The success story of Bharat Biotech and ROTAVAC is a model for innovation in developing countries and reinforces the importance of robust IP laws and diverse partnerships. A shared commitment to protect the legitimacy of the product, ensure its efficacy in local populations, and keep the price low adds up to a commercial success. Further developments that can benefit the patients in need, government partners, private donors, research facilities, and vaccine producers will follow ROTAVAC’s lead.
 World Health Organization (WHO), Immunization, Vaccines and Biologicals: Rotavirus (Geneva: WHO, 2018), https://www.who.int/immunization/diseases/rotavirus/en/.
 Maharaj K Bhan et. al, “Team science and the creation of a novel rotavirus vaccine in India: a new framework for vaccine development”, The Lancet Vol. 383, 9935 (June 2014): 2180–2183, https://doi.org/10.1016/S0140-6736(14)60191-4.
 Amiti Sen, “Bharat Biotech’s diarrhoea vaccine gets WHO nod,” The Hindu Business Line, January 24, 2018, https://www.thehindubusinessline.com/todays-paper/tp-news/bharat-biotechs-diarrhoea-vaccine-gets-who-nod/article10050026.ece.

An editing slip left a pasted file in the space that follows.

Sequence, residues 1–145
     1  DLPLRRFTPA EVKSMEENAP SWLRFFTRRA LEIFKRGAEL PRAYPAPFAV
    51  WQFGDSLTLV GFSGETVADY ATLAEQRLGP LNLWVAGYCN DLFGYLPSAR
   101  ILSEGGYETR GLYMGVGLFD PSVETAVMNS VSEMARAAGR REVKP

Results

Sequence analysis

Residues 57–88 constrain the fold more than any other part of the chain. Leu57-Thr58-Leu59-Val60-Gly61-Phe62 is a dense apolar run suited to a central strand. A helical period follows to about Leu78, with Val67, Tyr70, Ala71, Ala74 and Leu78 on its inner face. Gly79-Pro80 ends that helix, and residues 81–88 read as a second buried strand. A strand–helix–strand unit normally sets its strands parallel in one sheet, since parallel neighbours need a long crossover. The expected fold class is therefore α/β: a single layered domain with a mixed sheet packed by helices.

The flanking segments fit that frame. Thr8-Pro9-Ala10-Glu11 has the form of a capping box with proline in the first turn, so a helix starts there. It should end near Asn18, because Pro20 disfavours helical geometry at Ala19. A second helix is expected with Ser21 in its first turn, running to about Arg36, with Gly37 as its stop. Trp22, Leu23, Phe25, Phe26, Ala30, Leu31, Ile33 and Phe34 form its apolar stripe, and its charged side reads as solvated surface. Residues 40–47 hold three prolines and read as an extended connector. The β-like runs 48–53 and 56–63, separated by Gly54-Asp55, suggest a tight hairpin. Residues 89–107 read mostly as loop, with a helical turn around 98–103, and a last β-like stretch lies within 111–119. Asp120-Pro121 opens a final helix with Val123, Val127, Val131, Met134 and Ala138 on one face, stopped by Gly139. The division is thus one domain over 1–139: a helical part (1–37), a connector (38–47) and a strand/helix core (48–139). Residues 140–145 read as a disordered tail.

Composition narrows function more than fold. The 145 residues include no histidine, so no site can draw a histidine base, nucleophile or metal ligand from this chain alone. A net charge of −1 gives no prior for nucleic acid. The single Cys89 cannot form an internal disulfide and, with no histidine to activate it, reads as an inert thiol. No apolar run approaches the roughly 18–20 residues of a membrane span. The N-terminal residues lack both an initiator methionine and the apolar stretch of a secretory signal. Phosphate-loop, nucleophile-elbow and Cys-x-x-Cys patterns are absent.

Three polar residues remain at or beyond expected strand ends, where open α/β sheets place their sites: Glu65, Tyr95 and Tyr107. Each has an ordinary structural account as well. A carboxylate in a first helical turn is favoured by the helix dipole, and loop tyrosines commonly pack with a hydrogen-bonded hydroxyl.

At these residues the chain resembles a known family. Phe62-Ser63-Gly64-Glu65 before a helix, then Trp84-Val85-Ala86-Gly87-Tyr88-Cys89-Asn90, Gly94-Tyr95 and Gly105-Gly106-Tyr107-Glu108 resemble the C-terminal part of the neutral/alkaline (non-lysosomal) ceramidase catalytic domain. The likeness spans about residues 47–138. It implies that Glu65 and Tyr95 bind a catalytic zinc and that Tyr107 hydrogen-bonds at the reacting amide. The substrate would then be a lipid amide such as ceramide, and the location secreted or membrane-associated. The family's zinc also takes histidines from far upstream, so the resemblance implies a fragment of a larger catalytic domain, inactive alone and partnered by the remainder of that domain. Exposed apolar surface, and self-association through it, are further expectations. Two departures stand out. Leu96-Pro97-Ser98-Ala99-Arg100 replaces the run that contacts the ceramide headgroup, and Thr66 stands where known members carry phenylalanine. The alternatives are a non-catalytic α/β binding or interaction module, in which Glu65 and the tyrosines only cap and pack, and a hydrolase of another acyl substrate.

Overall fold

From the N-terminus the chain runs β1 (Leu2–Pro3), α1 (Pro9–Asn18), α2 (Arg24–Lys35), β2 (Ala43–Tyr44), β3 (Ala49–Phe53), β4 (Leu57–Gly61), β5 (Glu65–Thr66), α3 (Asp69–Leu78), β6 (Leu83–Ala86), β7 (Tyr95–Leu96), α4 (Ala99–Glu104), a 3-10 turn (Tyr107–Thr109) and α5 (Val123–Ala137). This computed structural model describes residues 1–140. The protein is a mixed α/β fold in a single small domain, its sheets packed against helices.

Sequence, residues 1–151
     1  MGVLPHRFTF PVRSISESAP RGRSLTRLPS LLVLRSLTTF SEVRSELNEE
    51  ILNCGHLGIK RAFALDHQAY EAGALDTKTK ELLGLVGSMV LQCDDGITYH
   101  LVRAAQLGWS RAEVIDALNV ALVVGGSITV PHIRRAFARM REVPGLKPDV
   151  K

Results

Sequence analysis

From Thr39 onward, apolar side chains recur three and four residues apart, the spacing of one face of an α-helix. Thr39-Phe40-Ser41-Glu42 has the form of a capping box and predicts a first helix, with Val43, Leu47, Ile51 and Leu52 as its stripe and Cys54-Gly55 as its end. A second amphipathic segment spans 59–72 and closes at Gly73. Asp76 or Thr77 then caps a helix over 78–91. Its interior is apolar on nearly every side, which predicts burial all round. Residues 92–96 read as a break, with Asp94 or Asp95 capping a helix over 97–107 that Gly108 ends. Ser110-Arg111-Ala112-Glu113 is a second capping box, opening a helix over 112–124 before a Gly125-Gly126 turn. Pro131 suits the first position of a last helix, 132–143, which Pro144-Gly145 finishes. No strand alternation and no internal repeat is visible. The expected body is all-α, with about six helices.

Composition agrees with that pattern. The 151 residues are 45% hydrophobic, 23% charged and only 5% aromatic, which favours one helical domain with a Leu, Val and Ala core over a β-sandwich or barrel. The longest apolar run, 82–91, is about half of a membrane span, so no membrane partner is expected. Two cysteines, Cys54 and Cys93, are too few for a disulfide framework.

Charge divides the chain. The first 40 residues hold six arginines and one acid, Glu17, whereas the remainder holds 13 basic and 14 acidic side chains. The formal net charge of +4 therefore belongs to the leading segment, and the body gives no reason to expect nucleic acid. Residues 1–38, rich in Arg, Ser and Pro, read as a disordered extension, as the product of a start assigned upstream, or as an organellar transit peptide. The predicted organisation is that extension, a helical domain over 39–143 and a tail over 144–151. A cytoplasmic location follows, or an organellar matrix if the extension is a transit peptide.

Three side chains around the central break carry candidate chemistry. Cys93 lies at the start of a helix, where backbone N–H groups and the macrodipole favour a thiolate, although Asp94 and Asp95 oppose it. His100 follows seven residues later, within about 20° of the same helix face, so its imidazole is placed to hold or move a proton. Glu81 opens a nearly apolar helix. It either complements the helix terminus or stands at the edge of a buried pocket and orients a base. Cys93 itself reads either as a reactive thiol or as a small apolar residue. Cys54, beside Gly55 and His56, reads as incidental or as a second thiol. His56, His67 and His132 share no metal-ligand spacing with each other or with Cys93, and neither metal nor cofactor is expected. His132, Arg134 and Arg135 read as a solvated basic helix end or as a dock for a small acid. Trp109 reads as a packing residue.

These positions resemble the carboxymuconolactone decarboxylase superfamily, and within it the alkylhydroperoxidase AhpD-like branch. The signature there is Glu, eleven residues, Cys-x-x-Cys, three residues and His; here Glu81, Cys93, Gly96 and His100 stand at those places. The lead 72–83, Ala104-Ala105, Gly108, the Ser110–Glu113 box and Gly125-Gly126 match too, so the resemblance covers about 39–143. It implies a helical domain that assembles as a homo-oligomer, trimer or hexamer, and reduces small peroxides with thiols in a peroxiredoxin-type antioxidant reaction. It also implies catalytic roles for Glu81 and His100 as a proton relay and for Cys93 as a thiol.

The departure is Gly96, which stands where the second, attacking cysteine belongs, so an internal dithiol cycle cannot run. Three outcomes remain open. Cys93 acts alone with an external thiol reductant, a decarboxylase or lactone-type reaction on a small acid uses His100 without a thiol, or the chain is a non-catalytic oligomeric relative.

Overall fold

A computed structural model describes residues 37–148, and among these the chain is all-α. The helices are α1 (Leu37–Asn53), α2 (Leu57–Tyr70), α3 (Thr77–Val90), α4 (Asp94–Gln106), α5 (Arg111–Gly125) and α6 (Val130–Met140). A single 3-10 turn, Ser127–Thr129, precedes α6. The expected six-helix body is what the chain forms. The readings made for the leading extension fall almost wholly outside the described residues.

Paramita Sengupta, “Rotavirus: The Challenges Ahead,” Indian Journal of Community Medicine: official publication of Indian Association of Preventive & Social Medicine Vol. 34, 4 (2009),:279–82, 10.4103/0970–0218.58382.
 Bhan et. al, “Team science”, 2181.
 Nita Bhandari et. al, “Efficacy of a monovalent human-bovine (116E) rotavirus vaccine in Indian children in the second year of life”, ScienceDirect Vol. 32, Supplement 1 (2014),:A110-A116, https://doi.org/10.1016/j.vaccine.2014.04.079.